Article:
Sacranie: no charges January 26, 2006Posted by Rasheed Eldin in Homosexualists, Islam, Media.
Following news that Sir Iqbal Sacranie – Secretary-General of the Muslim Council of Britain – was being investigated after comments made on Radio 4 about homosexuality and civil partnerships, I am relieved to note that no charges were put. From the Scotsman:
Officers said they would examine the remarks he made on Radio 4’s PM programme to see if any offences had been committed following a complaint from the public.
But on Monday a Metropolitan Police spokesman said: “There will be no further action on the advice of the Crown Prosecution Service.”
My own view is that he should have chosen his words better, and his comments failed to deal with a very sensitive issue with the nuance it deserves. His comments could indeed be taken as offensive, especially because of his mention of diseases. We have to be wise in how we explain our religious position. Still, it is our duty (as it was Sacranie’s, in his position of responsibility) to be clear and confident in stating what we believe to be right and wrong, lest we be blameworthy before the Almighty.
Even if we believe that sexual deviancy (yes, I realise that could be taken as offensive too) results in the increase of disease, mentioning that is not essential in explaining our position. The view that homosexuality is anything other than natural and good is sadly not the mainstream view (though I doubt it’s a minority view, as yet) in our country today. For that reason, we should use wisdom in defending our moral stances, so that we might also allow people to sympathise or even agree with what we are saying.
I’m glad that Sacranie emphasised the need for tolerance, as that is one of the most lauded principles in our society. I take this to mean “live and let live”, but not that we must accept things that contradict our own principles. I don’t accept that LGBT people should be persecuted or discriminated against – but that doesn’t stop me from writing on this blog and trying to address what I see as a serious harm to the individual and society.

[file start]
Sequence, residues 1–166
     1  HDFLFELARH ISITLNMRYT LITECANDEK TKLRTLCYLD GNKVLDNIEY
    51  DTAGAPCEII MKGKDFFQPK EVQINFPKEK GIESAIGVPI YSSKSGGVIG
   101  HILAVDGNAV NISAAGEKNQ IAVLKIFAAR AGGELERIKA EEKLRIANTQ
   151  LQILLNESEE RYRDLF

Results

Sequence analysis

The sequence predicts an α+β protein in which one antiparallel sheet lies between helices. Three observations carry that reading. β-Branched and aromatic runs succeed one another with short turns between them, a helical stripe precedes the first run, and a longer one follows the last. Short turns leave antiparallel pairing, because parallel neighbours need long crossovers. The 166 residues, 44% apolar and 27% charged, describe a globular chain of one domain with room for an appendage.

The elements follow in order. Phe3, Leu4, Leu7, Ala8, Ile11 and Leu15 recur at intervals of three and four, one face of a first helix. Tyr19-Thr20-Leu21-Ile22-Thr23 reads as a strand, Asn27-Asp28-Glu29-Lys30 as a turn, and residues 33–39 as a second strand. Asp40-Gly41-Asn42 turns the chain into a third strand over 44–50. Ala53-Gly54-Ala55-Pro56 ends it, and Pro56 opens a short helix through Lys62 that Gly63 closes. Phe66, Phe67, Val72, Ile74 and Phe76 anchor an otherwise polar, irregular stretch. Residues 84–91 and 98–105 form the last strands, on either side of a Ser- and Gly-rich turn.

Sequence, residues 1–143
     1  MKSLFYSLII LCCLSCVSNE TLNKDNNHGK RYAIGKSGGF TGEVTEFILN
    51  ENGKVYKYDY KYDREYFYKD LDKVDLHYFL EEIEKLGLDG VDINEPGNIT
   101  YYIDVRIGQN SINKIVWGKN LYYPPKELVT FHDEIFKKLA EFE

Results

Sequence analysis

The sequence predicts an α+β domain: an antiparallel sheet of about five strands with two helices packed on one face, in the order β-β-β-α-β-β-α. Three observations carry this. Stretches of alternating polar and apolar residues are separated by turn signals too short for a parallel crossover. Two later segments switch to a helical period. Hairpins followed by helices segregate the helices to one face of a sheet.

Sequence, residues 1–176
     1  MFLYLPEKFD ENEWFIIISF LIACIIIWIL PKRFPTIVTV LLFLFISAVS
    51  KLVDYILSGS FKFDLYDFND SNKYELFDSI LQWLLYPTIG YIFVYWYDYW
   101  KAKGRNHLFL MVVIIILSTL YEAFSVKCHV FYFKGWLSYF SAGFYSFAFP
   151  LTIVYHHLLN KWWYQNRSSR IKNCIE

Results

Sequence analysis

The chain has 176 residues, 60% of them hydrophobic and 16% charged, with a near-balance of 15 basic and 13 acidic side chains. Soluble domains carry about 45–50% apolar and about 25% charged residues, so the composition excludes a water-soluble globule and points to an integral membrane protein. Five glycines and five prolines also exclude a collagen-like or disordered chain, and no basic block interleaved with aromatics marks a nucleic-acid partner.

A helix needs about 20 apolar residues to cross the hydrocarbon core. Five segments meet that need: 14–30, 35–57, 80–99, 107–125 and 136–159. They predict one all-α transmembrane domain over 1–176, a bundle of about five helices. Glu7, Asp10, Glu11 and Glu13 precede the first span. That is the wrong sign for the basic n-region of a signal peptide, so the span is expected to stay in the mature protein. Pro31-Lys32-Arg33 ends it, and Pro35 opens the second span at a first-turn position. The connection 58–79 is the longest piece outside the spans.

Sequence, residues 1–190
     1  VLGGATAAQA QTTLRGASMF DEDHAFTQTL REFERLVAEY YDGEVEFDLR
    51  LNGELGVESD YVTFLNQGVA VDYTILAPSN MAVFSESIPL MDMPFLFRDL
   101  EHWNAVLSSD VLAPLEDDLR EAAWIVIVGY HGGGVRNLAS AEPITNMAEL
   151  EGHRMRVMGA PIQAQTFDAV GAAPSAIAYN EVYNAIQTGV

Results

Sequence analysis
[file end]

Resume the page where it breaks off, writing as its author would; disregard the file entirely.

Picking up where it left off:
An article in the Observer made the following point:
To limit what can be said in public, the government also inserted a provision in Socpa that criminalises opinions that are held to stir up religious hatred. You may not make a joke about Islam, Judaism or Christianity without risking a criminal record. And section 5 of the Public Order Act allows police to prosecute if they believe a hate crime has been committed. Last week, they were investigating a leading Muslim, Sir Iqbal Sacranie, who made remarks on Radio 4s PM programme about homosexuality being morally and medically unacceptable. Sacranie’s views are daft and tasteless, but why shouldn’t he express them? Why should there be any legal restraint on the doubts I may voice about parts of his faith, its views on homosexuality, for example? That is the nature of free speech and we do not need a bunch of PC Plods patrolling our exchange.
It seems the writer, Henry Porter, is misrepresenting the legislation about religious hatred, which I’m not too sure about myself anyway (some Muslim commentators have pointed out its dangers). But I think there are serious dilemmas wherever freedom of speech and freedom from harassment intersect, and there are no easy answers. If I state that I dislike homosexuality, should I be taken as inciting hatred against homosexuals? Often, the distinction between what is inciting violence and hatred, and what is simply expressing a dissenting view, is clear. But the trouble is that these definitions can change, and eventually what I write could be considered criminal, though I mean no harm to anybody.
That is why I’m glad Sacranie has no charges against him (for now).